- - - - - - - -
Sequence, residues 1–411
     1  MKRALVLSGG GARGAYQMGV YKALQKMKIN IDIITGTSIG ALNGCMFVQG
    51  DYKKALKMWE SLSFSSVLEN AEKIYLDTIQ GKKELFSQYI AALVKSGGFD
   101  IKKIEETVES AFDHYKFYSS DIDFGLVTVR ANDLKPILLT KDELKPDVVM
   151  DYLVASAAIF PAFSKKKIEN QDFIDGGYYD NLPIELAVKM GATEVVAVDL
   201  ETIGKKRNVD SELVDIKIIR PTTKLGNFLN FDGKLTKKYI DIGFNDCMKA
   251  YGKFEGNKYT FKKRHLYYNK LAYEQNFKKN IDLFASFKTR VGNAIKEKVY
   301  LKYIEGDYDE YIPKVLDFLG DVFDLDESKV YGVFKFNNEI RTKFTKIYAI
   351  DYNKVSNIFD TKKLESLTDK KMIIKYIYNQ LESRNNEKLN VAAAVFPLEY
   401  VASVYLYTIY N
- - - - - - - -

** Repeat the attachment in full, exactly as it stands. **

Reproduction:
Sequence, residues 1–411
     1  MKRALVLSGG GARGAYQMGV YKALQKMKIN IDIITGTSIG ALNGCMFVQG
    51  DYKKALKMWE SLSFSSVLEN AEKIYLDTIQ GKKELFSQYI AALVKSGGFD
   101  IKKIEETVES AFDHYKFYSS DIDFGLVTVR ANDLKPILLT KDELKPDVVM
   151  DYLVASAAIF PAFSKKKIEN QDFIDGGYYD NLPIELAVKM GATEVVAVDL
   201  ETIGKKRNVD SELVDIKIIR PTTKLGNFLN FDGKLTKKYI DIGFNDCMKA
   251  YGKFEGNKYT FKKRHLYYNK LAYEQNFKKN IDLFASFKTR VGNAIKEKVY
   301  LKYIEGDYDE YIPKVLDFLG DVFDLDESKV YGVFKFNNEI RTKFTKIYAI
   351  DYNKVSNIFD TKKLESLTDK KMIIKYIYNQ LESRNNEKLN VAAAVFPLEY
   401  VASVYLYTIY N